Interval training is characterized as exercise where an athlete trains at a very high intensity for a short period of time (10 – 60 seconds) then does an active rest or complete rest to recover, followed by more high intensity work bouts. This is one of the best ways for hockey players to train their cardiovascular system because this is how hockey is played, ie: play hard during the shift for 30 – 60 seconds, followed by a rest on the bench or between a whistle and puck drop.
Why interval training is important for hockey players
Hockey is an anaerobic sport. The true definition of anaerobic is the absence of oxygen. This definition is a little over the top as it relates to hockey performance because players are still able to breath oxygen. The point is that hockey is played in short (30 – 60 seconds) high intensity shifts leaving players breathing heavy and creating metabolic waste products, which can adversely affect performance. Hockey is unique in that there are upper body movements superimposed on continuous leg contractions. Because of this, a player will become fatigued after 30, 45, 60 seconds, which is a classic example of an anaerobic sport.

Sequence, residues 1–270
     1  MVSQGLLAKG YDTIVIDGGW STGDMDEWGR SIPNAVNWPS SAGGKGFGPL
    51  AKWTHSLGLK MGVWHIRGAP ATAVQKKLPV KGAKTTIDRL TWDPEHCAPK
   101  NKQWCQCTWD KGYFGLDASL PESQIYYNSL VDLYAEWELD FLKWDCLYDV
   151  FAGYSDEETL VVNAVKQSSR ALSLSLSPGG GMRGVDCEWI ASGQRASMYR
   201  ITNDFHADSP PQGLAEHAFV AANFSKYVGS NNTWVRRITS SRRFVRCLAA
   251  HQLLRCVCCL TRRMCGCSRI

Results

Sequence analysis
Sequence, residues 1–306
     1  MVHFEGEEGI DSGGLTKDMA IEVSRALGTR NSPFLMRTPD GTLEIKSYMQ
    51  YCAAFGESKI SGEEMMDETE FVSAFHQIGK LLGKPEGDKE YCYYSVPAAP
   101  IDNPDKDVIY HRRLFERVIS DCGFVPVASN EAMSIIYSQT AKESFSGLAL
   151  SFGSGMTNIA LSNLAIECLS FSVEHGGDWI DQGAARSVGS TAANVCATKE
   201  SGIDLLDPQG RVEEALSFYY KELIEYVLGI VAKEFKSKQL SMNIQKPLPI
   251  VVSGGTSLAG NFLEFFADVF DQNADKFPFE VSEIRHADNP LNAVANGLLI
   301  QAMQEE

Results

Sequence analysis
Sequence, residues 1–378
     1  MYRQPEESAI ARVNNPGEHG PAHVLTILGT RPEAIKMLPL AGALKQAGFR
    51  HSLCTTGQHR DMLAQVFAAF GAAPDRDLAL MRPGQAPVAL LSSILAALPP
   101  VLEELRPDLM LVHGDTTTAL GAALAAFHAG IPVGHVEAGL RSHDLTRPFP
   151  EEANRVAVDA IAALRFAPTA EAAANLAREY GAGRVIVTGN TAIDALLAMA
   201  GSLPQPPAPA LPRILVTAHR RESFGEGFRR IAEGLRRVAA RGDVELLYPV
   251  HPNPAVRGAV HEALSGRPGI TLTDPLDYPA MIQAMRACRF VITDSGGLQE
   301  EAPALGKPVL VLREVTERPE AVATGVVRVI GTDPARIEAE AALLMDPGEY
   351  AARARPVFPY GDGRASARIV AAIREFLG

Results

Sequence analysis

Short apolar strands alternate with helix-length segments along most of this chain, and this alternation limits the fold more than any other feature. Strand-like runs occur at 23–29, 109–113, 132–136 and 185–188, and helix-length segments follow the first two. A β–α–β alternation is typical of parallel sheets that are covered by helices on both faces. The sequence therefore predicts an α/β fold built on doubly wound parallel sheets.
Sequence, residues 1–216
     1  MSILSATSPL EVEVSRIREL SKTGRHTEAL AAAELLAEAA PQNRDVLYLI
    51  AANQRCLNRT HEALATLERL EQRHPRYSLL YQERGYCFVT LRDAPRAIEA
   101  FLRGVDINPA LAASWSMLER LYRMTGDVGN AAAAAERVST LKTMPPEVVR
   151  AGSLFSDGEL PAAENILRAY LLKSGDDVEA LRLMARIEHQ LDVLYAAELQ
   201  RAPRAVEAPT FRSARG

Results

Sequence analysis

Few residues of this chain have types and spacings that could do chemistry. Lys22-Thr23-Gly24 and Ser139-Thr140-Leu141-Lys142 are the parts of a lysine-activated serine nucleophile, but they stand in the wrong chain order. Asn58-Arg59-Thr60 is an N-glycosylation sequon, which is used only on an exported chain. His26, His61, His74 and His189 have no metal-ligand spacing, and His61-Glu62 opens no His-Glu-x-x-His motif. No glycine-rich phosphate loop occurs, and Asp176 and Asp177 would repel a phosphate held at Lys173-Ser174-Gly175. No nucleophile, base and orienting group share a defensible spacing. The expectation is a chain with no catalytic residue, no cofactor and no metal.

Even goalies who play the entire game (unless they are pulled for some reason) play in shifts – they work hard when the puck is in the offensive zone, then the rest and recover when the play goes to the other end.
As such, the best way to train the cardiovascular system for hockey is to train like a game. Interval training is important to not only train the body to be able to work hard, but to recover quickly from high intensity work. The rule of specificity of training is important for hockey players – train the way the game is played.
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